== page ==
After receipt of the cease and desist letters, the organization is still using the marks with “Xs” on them (sometimes, but apparently with some advice of trademark and copyright counsel) and includes a nice list with reproductions of all of the cease and desist letters its received thus far, here (which includes apparently truthful statements about their relationship with those companies). Ultimately, it appears that free speech is a winner here–and intellectual property law did not stand in its way and, indeed, may have worked to eliminate confusion as to a “true and accurate relationship” and the messages are being heard.  Here is a copy of the TripAdvisor letter: 

Dear Mr. Hugo,

I am writing on behalf of TripAdvisor LLC concerning Super Fun Happy America’s unauthorized use of TripAdvisor’s logo, as displayed on your website at superhappyfunamerica.com/2019/07/09/corporate-sponsors/. I’m Coming Out and saying this clearly: you are infringing upon TripAdvisor’s intellectual property rights. Further, your statement that you are “in negotiations” with TripAdvisor as a “potential sponsor” is completely false.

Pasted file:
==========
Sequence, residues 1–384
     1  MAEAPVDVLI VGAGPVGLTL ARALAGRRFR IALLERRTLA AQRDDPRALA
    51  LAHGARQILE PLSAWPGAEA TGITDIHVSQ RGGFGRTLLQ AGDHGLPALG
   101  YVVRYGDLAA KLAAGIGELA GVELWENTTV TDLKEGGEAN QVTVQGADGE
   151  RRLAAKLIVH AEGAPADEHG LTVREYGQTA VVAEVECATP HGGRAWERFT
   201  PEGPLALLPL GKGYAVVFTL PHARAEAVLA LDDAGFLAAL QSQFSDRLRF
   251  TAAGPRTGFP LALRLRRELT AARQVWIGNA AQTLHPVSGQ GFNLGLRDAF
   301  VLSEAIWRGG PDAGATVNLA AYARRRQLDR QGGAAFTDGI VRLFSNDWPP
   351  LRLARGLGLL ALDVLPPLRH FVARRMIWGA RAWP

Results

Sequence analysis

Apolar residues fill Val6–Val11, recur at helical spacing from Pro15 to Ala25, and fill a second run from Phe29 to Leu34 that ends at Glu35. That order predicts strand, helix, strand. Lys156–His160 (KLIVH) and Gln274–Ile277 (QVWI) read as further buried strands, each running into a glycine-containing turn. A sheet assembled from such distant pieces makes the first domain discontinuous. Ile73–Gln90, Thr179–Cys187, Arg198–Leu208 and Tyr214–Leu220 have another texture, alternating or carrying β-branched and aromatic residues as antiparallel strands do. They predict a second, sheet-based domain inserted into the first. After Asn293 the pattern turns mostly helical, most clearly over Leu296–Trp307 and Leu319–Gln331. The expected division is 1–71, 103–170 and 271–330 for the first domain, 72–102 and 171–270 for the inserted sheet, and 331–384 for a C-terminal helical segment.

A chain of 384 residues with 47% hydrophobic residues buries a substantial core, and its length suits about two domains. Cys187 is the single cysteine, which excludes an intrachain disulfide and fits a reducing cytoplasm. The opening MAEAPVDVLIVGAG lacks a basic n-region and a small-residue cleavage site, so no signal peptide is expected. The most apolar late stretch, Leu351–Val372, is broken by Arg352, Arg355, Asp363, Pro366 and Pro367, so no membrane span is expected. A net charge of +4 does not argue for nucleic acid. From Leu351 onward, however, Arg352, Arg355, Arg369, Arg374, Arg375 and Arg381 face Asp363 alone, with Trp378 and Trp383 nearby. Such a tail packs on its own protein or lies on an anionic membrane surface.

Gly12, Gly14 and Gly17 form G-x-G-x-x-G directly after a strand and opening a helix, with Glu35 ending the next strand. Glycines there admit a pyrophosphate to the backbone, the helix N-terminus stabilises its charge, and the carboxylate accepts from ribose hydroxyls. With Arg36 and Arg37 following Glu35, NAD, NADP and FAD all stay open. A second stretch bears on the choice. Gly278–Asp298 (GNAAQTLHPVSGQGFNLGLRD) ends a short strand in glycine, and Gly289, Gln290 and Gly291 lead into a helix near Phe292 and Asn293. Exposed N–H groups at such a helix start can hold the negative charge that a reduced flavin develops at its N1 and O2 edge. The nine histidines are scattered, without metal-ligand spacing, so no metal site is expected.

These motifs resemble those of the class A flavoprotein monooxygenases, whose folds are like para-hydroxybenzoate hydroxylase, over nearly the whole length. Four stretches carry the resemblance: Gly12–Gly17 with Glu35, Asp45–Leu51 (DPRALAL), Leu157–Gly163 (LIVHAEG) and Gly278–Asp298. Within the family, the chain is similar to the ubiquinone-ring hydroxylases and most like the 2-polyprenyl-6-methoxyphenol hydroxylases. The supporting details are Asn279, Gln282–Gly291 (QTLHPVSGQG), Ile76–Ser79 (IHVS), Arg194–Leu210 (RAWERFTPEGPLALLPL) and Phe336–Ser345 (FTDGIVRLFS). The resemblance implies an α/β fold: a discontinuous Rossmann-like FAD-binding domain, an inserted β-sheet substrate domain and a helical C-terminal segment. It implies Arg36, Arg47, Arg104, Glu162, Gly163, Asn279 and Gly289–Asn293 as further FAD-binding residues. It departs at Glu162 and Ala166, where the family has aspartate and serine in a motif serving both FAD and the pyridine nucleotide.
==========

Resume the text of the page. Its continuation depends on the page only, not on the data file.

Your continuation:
To be precise, your use of the TripAdvisor trademark and our Beautiful logo infringes TripAdvisor’s trademark and trade name rights. TripAdvisor’s trademarks are protected in many countries around the world and Over The Rainbow, including in the United States under Registration Nos. 2727627, 3171193, 4612678 and 4454774. We have become a well-known brand for our reviews of hotels, restaurants, experiences and even the occasional YMCA, but we weren’t Born This Way – we obtained that recognition through significant advertising and promotion since as early as 2000. As a result of the breadth of the services it provides and its widespread renown, TripAdvisor enjoys substantial rights in its mark and name.